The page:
Have you ever walked into a new church and all you see is older people? What do you usually think when you see this? Do you think it must be an old-fashioned or boring church? Or maybe you experience just the opposite: you only see young people and young families in a church, so you think it must be a contemporary, laid-back, fun church?
We all know that appearances can be deceiving, but the fact is there are lots of churches around this nation and the world that lean heavily one way or the other. Some churches seem to draw mostly younger people whereas other churches have mostly older folks.
Generations in the Church
The truth is, God wants His church to be multi-generational. Remember the young pastor that Paul was mentoring? Timothy was his name. Paul said to Timothy, “I remember your genuine faith, for you share the faith that first filled your grandmother Lois and your mother, Eunice. And I know that same faith continues strong in you” (2 Timothy 1:5).
Clearly, Paul recognized that Timothy had received godly instruction from his mother and his grandmother as he was growing up. Timothy’s mother and grandmother could have chosen to just keep their faith and wisdom to themselves, but they decided to plant it into Timothy instead. This, in turn, prepared Timothy to become who he needed to be: a pastor.
Likewise, Paul, who was experienced in both life and in religious teaching, came alongside Timothy to guide and help him. We all need someone more experienced to help us along in life, and that’s exactly what Paul did for Timothy. Later, it would be Timothy’s turn to do the same for another young preacher. This beautiful cycle of receiving, then giving, is how God’s Kingdom should work.
There should be a healthy dependency between the generations, especially in the church. For example, just before Joshua led the Israelites into the Promised Land, Moses told him to be sure to teach the younger generations about the Lord:
“Call them all together—men, women, children, and the foreigners living in your towns—so they may hear this Book of Instruction and learn to fear the Lord your God and carefully obey all the terms of these instructions. Do this so that your children who have not known these instructions will hear them and will learn to fear the Lord your God” (Deuteronomy 31:12-13).
It was the older generation’s job to teach the younger about the Lord, and that’s still true today. The future of the church and Christianity is dependent on older generations training and teaching the younger generations. Equally, the relevancy of the church and its message is dependent on younger people finding their place in the church and using their gifts to further the Kingdom of God.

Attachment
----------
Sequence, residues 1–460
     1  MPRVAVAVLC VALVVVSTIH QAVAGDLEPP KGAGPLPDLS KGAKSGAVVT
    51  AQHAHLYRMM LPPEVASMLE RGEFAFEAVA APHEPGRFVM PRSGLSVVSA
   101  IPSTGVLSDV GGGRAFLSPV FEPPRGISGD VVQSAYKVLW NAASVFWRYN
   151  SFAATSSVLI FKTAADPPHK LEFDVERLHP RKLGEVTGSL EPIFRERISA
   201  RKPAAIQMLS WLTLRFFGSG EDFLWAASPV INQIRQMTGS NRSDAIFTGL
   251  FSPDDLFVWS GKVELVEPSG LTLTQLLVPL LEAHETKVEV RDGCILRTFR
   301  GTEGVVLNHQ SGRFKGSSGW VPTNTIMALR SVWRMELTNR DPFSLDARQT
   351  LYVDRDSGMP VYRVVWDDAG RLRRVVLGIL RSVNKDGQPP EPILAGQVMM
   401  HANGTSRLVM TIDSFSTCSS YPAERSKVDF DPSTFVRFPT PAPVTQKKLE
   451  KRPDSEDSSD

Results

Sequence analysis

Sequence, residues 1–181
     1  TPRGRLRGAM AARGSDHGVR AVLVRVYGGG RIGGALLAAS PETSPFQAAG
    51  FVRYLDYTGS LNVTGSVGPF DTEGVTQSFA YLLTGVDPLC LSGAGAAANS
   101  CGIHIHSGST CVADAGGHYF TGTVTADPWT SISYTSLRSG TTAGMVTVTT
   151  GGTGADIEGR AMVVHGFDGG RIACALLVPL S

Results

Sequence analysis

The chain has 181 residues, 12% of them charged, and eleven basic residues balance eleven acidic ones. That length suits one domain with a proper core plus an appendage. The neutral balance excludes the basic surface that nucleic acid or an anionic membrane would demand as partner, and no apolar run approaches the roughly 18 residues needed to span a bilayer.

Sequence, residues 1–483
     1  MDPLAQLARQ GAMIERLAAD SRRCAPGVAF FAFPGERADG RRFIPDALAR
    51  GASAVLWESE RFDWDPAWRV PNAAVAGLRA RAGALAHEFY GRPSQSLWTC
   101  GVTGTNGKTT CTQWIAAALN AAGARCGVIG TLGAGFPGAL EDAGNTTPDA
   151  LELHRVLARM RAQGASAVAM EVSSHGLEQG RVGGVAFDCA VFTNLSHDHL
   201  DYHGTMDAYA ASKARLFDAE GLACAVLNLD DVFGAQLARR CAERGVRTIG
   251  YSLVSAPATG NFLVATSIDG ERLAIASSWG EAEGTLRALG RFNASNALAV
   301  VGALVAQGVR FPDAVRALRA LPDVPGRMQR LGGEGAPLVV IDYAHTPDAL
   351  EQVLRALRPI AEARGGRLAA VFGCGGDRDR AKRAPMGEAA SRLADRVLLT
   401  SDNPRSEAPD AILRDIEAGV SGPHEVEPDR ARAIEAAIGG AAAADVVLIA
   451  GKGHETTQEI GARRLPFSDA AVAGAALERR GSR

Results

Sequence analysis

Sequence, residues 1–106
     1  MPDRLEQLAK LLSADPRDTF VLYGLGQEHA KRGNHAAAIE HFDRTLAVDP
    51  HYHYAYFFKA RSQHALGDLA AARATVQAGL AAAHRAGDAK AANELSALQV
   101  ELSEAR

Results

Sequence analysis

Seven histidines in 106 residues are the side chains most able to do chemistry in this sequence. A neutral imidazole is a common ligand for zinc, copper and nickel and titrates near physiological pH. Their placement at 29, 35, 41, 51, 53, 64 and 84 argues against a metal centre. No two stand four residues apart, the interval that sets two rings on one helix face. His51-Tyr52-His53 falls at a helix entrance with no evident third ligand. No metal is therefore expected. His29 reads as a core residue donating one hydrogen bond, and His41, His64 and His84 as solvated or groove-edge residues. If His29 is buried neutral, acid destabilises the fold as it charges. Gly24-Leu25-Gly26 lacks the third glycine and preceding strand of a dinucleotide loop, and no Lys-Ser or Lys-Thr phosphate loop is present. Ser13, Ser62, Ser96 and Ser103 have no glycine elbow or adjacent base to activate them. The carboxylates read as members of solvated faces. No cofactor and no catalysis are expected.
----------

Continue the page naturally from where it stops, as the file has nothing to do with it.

It’s not unusual for young people to undervalue and misunderstand older people. Nor is it uncommon for older people to do the same to younger people. We must guard against this mindset and remember that each has strengths; each can help the other.
Proverbs 20:29 says, “The glory of the young is their strength; the gray hair of experience is the splendor of the old.” Obviously, God values each person in every stage of life, and the church should do the same. Young people are strong and energetic (which older people often lack), and older people excel in experience and wisdom (which younger people usually need).
The older and the younger can balance each other out because the former often display stability and maturity in their faith whereas the latter exhibit a freshness and zeal in their faith.
Teaching and Learning
With experience and maturity comes wisdom. Titus 2:4 says, “These older women must train the younger women to love their husbands and their children.” There is much that younger people can learn from those who are more mature. From how to manage money or raise a family to being a good worker, wife, or husband, young people can learn a lot from those more experienced than they are.
Likewise, youth and young adults can help seniors to understand technology, offer new ideas to maintain the church’s relevancy, and to share different perspectives on important issues.
On both sides, one critical factor is required: each person (young or old) must understand that he or she doesn’t have all the answers and can learn something from anyone! Everyone must maintain a humble attitude that is open to hearing others’ perspectives. Older people cannot be “set in their ways,” and younger people cannot simply “write off” the older generations.
Passing the Torch and Working Together
We already mentioned Moses and Joshua; this is a great example of passing the torch. Moses had been the man of God for many years, but then it was Joshua’s turn. Moses knew this day would come, so he had been teaching and training Joshua for a long time.
The same is true today: people in the older generation need to stay connected and invested in not only the Kingdom of God but also in helping to raise up the next generation who will continue to “carry the torch” when they’re either unable to or are gone. And those in the younger generation need to respect and honor the older generation, learning from their experiences and wisdom.
This is a win-win all around, and it’s the type of church that Jesus wants to find when He returns.
~ Jennell Houts
- How to Bridge the Generational Gap in the Church
- Sharing the Gospel Across the Generations
- How to Pass on Your Faith to the Next Generation
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